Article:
George Smith House, Frank Lloyd Wright 1896

Posted by George Pudlo on December 16, 2011 at 2:25 PM Comments comments (0)

George Smith House
404 S Home Avenue
Oak Park, IL

With its shingled façade, the George Smith House resembles Frank Lloyd Wright’s Home, just blocks away. One can see through the front windows and out the back of the house, a testament to the house’s open floor plan. The double pitch roof is characteristic of Wright’s early phase of design and gives a party hat appearance to the house. The eaves extend far over the walls of the house. Note how they help to shade the windows beneath the roof. Diamond paned art glass windows grace the front of the house. Wright would eliminate the tall chimneys in his later work.

Frank Lloyd Wright Home & Studio, Frank Lloyd Wright, 1889/1898

Posted by George Pudlo on December 17, 2010 at 1:10 AM Comments comments (0)

Frank Lloyd Wright Home 1889 & Studio 1898

951 Chicago Avenue, Oak Park IL

The first house that Wright ever created was his own home in the Chicago suburb of Oak Park. Built in 1889, the young architect was only twenty-two years old when he designed his shingle style abode. Visitors are commonly taken aback by the appearance of the Frank Lloyd Wright Home, often expecting a house with a low profile, and long, horizontal lines, but it would be more than a decade before Wright would develop his first fully mature Prairie House. The general massing and planning of the house would be entirely redefined in the Prairie Style, but certain features of the house were the precursors of Wright’s later architectural themes. The most immediate, striking feature of the house, and a trait that would be seen in all of Wright’s work to come, is its strong sense of geometry. When looking at the house, one immediately notices the giant triangle, the gable. The eyes then begin to sense the texture of the shingled façade. The house, made at the instigation of his career, already buds an incredible connection to nature. The house is set far back on the lot, and the trees frame the house in a lovely, picturesque manner. The Frank Lloyd Wright Home, in many aspects, was Frank Lloyd Wright’s first natural house- an abstraction of nature, sympathetic to the simplicity of materials. The home foreshadows the direction Wright’s architectural evolution would take, following a period of experiment and transition, when the client’s wishes were nonnegotiable. Historical reference is minimal, though it maintains contemporary characteristics of other late 19th century homes.

The Frank Lloyd Wright Home would see several alterations and additions during the twenty year period that Frank Lloyd Wright lived here. In 1895, Frank Lloyd Wright added a dining room and children's playroom, and moved the kitchen, which was originally where the dining room is now located. Many of the architectural experiments that Wright performed would take place in his own home. He would continue with this practice in his later Taliesin and Taliesin West homes. 

In 1898, after having offices in downtown Chicago, Wright decided to move his full time practice to his home and created the Frank Lloyd Wright Studio. He figured what better way to advertise as an architect than to practice out of a creation of his own design. The Frank Lloyd Wright Studio is adjacent to the original Frank Lloyd Wright Home, and the two are collectively known as the Frank Lloyd Wright Home & Studio.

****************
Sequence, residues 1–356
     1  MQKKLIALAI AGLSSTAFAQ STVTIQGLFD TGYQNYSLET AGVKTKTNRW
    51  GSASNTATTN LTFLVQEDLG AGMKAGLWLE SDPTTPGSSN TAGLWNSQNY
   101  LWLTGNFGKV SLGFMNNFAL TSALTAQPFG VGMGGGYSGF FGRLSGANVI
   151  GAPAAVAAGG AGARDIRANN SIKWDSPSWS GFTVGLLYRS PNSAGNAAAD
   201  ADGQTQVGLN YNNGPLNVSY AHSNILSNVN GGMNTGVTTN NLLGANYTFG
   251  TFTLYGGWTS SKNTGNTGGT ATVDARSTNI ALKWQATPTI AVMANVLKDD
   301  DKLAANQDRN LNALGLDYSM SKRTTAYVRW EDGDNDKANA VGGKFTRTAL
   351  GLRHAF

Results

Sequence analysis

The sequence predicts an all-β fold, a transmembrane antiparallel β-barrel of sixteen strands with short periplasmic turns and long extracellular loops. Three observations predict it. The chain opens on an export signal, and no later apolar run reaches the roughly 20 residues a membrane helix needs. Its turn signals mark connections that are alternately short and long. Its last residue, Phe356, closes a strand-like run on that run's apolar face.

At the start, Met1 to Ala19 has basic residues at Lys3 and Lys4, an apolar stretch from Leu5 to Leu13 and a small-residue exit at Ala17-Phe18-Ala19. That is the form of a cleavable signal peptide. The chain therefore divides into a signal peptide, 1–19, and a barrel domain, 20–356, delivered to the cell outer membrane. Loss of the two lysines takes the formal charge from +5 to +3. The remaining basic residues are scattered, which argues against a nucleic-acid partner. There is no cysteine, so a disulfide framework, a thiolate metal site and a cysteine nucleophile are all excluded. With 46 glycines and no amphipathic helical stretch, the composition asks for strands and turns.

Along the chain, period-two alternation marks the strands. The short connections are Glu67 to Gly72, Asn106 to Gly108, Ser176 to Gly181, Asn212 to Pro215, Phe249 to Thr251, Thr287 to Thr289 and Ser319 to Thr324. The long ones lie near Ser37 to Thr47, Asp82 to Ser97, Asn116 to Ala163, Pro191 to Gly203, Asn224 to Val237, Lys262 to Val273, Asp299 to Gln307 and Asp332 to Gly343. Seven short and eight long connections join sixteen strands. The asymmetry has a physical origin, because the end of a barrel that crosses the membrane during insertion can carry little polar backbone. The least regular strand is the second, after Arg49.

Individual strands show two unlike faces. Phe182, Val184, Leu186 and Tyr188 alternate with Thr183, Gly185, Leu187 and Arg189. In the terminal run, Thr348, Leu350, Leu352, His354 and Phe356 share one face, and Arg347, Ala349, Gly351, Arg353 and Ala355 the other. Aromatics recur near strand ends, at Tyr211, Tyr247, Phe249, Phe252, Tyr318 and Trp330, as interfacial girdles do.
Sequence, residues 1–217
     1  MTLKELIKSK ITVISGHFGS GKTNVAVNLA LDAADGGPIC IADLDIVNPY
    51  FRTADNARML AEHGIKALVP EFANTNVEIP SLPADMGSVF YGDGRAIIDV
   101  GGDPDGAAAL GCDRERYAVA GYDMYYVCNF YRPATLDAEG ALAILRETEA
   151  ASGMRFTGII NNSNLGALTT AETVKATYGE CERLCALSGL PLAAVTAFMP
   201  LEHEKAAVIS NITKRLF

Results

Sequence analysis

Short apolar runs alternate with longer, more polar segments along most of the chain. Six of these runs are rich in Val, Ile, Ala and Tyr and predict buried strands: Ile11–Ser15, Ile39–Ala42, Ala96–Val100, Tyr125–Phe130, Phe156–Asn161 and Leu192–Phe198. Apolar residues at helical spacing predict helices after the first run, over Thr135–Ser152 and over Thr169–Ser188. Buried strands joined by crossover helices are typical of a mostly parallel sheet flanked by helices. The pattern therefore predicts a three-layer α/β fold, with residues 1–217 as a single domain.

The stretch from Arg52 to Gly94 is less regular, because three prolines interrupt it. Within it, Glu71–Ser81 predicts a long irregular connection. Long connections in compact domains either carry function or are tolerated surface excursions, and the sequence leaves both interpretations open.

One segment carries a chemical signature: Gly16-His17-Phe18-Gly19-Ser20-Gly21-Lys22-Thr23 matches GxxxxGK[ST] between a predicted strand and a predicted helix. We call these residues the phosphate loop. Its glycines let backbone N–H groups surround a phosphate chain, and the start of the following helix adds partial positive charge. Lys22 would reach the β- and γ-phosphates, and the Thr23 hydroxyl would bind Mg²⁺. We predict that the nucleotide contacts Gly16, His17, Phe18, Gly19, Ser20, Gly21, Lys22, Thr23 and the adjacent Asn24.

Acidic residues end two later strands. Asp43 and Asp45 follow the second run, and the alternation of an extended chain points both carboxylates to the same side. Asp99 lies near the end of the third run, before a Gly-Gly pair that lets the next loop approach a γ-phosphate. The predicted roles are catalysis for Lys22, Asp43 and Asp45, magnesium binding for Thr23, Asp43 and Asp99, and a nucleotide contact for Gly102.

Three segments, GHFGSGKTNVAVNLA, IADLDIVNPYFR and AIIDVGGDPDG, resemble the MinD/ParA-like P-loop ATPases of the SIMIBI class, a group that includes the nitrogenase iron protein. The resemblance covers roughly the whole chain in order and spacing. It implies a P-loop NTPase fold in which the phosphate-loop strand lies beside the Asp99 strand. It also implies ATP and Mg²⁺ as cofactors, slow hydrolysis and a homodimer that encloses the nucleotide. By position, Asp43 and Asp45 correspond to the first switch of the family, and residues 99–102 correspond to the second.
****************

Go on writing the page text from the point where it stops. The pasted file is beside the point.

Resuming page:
The Frank Lloyd Wright Studio is similar in theory to the Unity Temple; it is a binuclear structure. It has two, large octagonal rooms separated by a central entrance. One walks into the columned entrance and is forced in either direction. To the right is Frank Lloyd Wright's personal library, where he stashed away many of his prized Japanese prints. To the left was the two story studio and drafting room. The top floor of the studio and drafting room is suspended from chains to free it from interior columns.

After Frank Lloyd Wright's departure from Oak Park in 1909 to Europe with his mistress, Mamah Cheney, Wright converted the studio into living quarters for his family that he was essentially abandoning. He converted the home into rentable apartments to subsidize the living costs of his family. The Frank Lloyd Wright Home & Studio was sold in 1925 after Wright's children had grown up, and was maintained as a multi unit apartment complex for the next several decades. In 1974, a non profit organization formed to purchase the Home & Studio and restore it back to Wright's final condition in 1909. The restoration took more than thirteen years to complete at a cost of nearly $3.5 million.

Warren McArthur House, Frank Lloyd Wright 1892

Posted by George Pudlo on December 17, 2010 at 12:45 AM Comments comments (1)

Warren McArthur House, 1892
4852 S Kenwood, Chicago IL

The George Blossom House’s next door neighbor, the Warren McArthur House, similarly blends historic similes with common characteristics of Wright’s early work. Described primarily as Dutch Colonial, the Warren McArthur House has a gambrel roof that lends it a barn like appearance. The house is situated sideways on the lot, with the main entrance and wider massing of the home facing the George Blossom House next door. Arches in the porch facing the street point to the influence of Louis Sullivan, as does the arched window in the attic. Dormer windows point backward to the Queen Anne Style, while its detailed corner windows, concrete stylobate, and stucco surface point forward. The rear of the house is conducted in the Shingle Style, as seen in Frank Lloyd Wright’s own Home & Studio in Oak Park, and influenced by his first employer, Joseph Silsbee. Both the George Blossom and Warren McArthur Houses make use of Roman brick, Wright’s preferred brick. Wright and McArthur were friends.


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